Christmas in Greece
Conventional wisdom says Christmas is not as big a holiday in Greece as Easter. Compared to the US and many other countries this is probably true. Easter here not only has the huge religious significance–as it does elsewhere–it is one of the traditional family reunion times. Usually held in good weather I have heard it described as Independence Day, Thanksgiving and Easter in one holiday.
Christmas is gaining ground in Greece, however, especially in the amount of decorations. I will describe some of the events on our island and then a bit about the capital, Athens. The smaller villages like our Aliki all have decorated street lights and there are a scattering of houses with exterior decorations. In early November we were quite surprised at the large stacks of Christmas lights on sale.
The first week of December we have the annual Bazaar put on by the volunteer organizations as well as the official tree lighting in Parikia. Doesn’t that all sound like Christmas elsewhere? The Charity Bazaar is quite well organised and very well attended due to participation by all the youth groups and other island organizations. On sale is everything from homemade baked goods to Greek pop music calendars as well as second-hand junk. Our friend Patricia who also runs her own bazaar in Aliki does quite well with her chutneys and specialty jams. Karin spent time examining the hand-made jewelry while I checked out the main “grab bag” booth. For 5 Euro you get two chances at a dazzling array of prizes–from a new bicycle, used computer, to countless bottles of wine and bags of cookies. I should have been clued-in by the still large assortment on the last night, but I thought with so much available surely I will get something for my fiver. Wrong! I drew two blank pieces of paper. So the universal phrase comes to mind: Oh, well. It’s for a good cause.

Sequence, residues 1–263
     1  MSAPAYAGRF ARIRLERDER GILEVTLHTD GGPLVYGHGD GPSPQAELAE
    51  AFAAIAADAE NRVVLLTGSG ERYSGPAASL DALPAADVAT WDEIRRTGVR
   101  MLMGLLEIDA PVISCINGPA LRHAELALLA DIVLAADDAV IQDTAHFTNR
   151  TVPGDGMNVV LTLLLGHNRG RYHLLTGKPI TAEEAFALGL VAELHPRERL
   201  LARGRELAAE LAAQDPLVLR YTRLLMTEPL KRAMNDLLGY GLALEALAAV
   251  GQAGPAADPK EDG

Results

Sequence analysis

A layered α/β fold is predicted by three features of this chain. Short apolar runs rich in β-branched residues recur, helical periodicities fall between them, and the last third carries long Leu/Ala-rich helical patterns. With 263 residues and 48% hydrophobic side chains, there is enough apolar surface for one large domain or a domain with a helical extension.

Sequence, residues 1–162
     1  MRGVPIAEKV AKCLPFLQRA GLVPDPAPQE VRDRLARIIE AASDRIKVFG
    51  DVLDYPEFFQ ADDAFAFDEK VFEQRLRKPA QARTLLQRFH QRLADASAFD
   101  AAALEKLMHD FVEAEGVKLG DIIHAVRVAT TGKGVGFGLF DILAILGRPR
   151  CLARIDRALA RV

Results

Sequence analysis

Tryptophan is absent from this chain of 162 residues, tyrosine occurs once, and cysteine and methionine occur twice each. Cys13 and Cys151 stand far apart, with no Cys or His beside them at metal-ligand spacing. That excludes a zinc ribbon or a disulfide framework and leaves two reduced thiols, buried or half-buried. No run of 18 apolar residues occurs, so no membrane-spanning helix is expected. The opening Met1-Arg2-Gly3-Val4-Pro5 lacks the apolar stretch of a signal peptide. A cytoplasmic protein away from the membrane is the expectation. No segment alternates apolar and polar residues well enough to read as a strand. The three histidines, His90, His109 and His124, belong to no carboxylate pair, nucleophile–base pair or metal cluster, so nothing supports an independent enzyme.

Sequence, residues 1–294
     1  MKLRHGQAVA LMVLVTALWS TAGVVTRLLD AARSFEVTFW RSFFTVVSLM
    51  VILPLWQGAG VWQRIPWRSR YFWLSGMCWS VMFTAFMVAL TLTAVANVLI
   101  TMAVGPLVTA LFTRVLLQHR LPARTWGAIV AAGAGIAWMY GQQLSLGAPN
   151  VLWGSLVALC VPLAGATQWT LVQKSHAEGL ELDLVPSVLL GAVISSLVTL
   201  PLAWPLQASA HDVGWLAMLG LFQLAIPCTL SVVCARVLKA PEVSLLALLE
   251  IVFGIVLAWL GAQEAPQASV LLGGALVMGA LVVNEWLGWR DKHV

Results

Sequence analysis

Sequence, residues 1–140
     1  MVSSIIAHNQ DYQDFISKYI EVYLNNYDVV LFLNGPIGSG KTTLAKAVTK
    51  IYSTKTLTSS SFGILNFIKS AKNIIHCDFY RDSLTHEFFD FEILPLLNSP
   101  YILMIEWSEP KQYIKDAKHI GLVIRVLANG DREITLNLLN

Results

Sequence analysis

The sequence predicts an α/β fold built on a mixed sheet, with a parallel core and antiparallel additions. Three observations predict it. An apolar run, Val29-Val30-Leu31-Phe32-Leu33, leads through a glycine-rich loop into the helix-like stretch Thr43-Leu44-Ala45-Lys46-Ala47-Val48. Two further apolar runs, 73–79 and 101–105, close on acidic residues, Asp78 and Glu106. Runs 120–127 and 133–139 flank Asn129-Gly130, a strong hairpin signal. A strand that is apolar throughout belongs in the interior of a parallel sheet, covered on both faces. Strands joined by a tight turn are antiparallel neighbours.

We were surprised how similar the lighting of the town Christmas Tree was to others we have been to, yet pleasantly different in a Greek way. The manger or crèche contained school children dressed elaborately for their roles. The carols had familiar tunes with Greek words. The brass band were in their one and only uniform, that is the same one they wear on Oxi Day and other formal occasions. The Mayor’s speech was surprisingly short. Santa Claus was a minor figure; the emphasis was on the birth of Christ.
We were very impressed when two men lifted two of the younger manger characters to the stage who then spoke out loud and clear with prepared speeches that were several sentences long. These were pre-schoolers who were not affected by the crowd or the microphone and knew their parts perfectly. We were also impressed when the tree lights came on. Before we had only noticed a string of large bulbs, yet the tree was completely covered with small lights. The large bulbs were just flashing blue highlights. The amazement was that coming on all at once they didn’t blow a fuse for the whole town! By the way, most people know that the buildings in the Cyclades are 95% blue and white. I find it interesting that blue lighting is as popular here as our English traditional red and green.
The highlight for Karin and I is all the music programs. Our island of Paros is blessed with two active art schools that produce programs at the end of each term. So, for example, the week before Christmas there are three choral concerts being presented. The venue is usually one of the smaller churches so the beauty and acoustics lend a lot to the quality of the voices. We enjoy our quiet, non-commercial Christmas on our small island of Paros. For those who want more excitement and pizazz it is an easy trip to Athens.
The above was written by Michael. Go HERE to experience a local Christmas in Karin’s evocative style.